The fact is that for $h\to\infty$ there are two terms cancelling each other in the denominator of $b$, one of which is a square root.

In fact further assumptions make it work

Assuming[c >= 0, Simplify@Series[b, {h, Infinity, 0}]]
(* Out: 1 + O[1/h]^2 *)
Assuming[c <= 0, Simplify@Series[b, {h, Infinity, 0}]]
(* Out: 1 + O[1/h]^2 *)


This is a known limitation in Series and Limit. Series does not handle roots in a flawless manner. For example, here is an expansion at the branch point (zero) that is only "half" correct.

In:= Series[Sqrt[x^2], {x,0,2}]

3
Out= x + O[x]


This is fine for re(x)>0, but not so good for re(x)<0 in a neighborhood of the origin.

Limit has the ability to handle this situation if provided sufficiently strong assumptions. For this example one could do as follows.

a = (h^2 + c^2 h^2 +
Sqrt[4 h^2 + (h^2 + c^2 h^2)^2])^2/(4 *(h^2 +
1/4 (h^2 + c^2 h^2 + Sqrt[4 h^2 + (h^2 + c^2 h^2)^2])^2));

a2 = FullSimplify[a];

Limit[a2, h -> Infinity, Assumptions -> Element[c, Reals]]

(* Out= 1 *)


This next one is actually not so good.

Limit[a, h -> Infinity]

(* Out= 1 *)


That is to say, while the original result was what the poster wanted, it is only by accident of haw some symbolic radicals were handled. Here is why it is not fully correct: for "many" values of c the limit is not 1.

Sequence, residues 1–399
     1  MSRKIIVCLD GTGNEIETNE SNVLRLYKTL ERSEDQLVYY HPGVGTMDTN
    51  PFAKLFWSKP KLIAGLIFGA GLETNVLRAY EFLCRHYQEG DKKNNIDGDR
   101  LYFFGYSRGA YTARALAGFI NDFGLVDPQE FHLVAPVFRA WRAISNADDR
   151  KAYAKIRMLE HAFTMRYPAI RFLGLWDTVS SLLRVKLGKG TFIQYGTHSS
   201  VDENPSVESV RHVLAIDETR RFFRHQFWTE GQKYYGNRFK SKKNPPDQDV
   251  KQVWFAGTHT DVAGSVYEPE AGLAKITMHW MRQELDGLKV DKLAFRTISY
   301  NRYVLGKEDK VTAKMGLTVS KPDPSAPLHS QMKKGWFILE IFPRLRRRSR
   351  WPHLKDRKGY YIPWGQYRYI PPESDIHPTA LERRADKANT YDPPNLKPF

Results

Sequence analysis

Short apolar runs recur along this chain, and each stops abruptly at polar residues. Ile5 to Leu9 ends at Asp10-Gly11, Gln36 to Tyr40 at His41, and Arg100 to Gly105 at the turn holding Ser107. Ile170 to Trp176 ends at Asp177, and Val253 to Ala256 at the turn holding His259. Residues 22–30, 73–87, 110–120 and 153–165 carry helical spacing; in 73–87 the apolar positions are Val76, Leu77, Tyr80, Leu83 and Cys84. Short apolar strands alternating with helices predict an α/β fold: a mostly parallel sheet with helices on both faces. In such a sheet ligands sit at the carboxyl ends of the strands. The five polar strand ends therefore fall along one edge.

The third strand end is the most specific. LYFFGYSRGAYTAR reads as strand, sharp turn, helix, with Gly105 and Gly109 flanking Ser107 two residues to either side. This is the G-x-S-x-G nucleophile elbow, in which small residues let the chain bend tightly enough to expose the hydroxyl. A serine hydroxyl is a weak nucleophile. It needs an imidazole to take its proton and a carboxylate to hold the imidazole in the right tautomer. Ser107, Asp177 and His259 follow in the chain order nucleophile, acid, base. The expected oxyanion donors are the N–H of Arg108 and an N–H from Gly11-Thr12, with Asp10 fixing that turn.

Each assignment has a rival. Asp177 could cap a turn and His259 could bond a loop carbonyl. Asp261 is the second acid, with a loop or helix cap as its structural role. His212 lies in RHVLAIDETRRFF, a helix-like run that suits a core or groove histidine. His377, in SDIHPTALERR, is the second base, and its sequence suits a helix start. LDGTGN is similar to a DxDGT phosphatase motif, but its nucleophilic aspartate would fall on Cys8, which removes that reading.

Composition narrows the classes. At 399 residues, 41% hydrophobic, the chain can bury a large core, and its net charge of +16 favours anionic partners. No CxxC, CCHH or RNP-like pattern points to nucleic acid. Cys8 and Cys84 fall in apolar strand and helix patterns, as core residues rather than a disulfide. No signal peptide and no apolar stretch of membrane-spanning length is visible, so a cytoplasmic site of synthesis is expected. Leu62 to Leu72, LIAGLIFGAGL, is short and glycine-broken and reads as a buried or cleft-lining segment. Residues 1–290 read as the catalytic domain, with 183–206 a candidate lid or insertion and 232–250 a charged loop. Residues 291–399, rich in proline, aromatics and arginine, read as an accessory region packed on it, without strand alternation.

Limit[{a, a2} /. c -> 2 I, h -> Infinity]

(* Out= {0, 0} *)


Indeed, there is an interplay between real and imaginary parts that determines the limiting behavior.

Limit[{a, a2} /. c -> 1 - 2 I, h -> Infinity]

(* Out= {0, 0} *)

Limit[{a, a2} /. c -> 3 - 2 I, h -> Infinity]

(* Out= {1, 1} *)


As for bug reports, this one is in the data base and has been for quite some time. It is unlikely to change unless and until there is some redesign both of Series and Limit.

• Yes, I figured we must have been writing simultaneously. As you said, our solution is basically the same: use assumptions. – Michael E2 Jan 22 '13 at 15:39

Let's define :

a1 = (h^2 + c^2 h^2 +
Sqrt[4 h^2 + (h^2 + c^2 h^2)^2])^2/(4 (h^2 +
1/4 (h^2 + c^2 h^2 + Sqrt[4 h^2 + (h^2 + c^2 h^2)^2])^2));

a2 = a1 // Simplify

a3 = a1 // FullSimplify Mathematica 7 and 9

Limit[ #, h -> Infinity]& /@ {a1, a2, a3}

{1, 1, 0}


while assuming that c is a real number :

Limit[#, h -> Infinity, Assumptions -> c ∈  Reals] & /@ {a1, a2, a3}

{1, 1, 1}


Mathematica 8

Limit[#, h -> Infinity]& /@ {a1, a2, a3} assuming that c is a real number :

Limit[#, h -> Infinity, Assumptions -> c ∈  Reals] & /@ {a1, a2, a3}

{1, 1, 1}


Conclusions

All versions (7, 8, 9) return the same expressions respectively for a1, a2 and a3.

There is a serious problem in Limit at least since the version 7 ( seems like WRI emploees are aware of it). The way we simplify the expressions shouldn't affect its limits. So there should be a warning on possible inconsistencies.

• Thank you, I will report it. I accepted the answer of Fabian since he has fewer points than you and therefore would benifit more from it. Hope that is alright. – Kagaratsch Jan 22 '13 at 14:36
• @Kagaratsch it is recommended that you select the answer that actually helps you the most, or when you cannot decide the oldest answer. – Mr.Wizard Jan 22 '13 at 14:46
• @Mr.Wizard: In this case both answers correctly identified the problem as bug, so I was undecided. However, the answer of Fabian came 3 minutes earlier, so I am glad to know that apparently I did the right thing. – Kagaratsch Jan 22 '13 at 14:50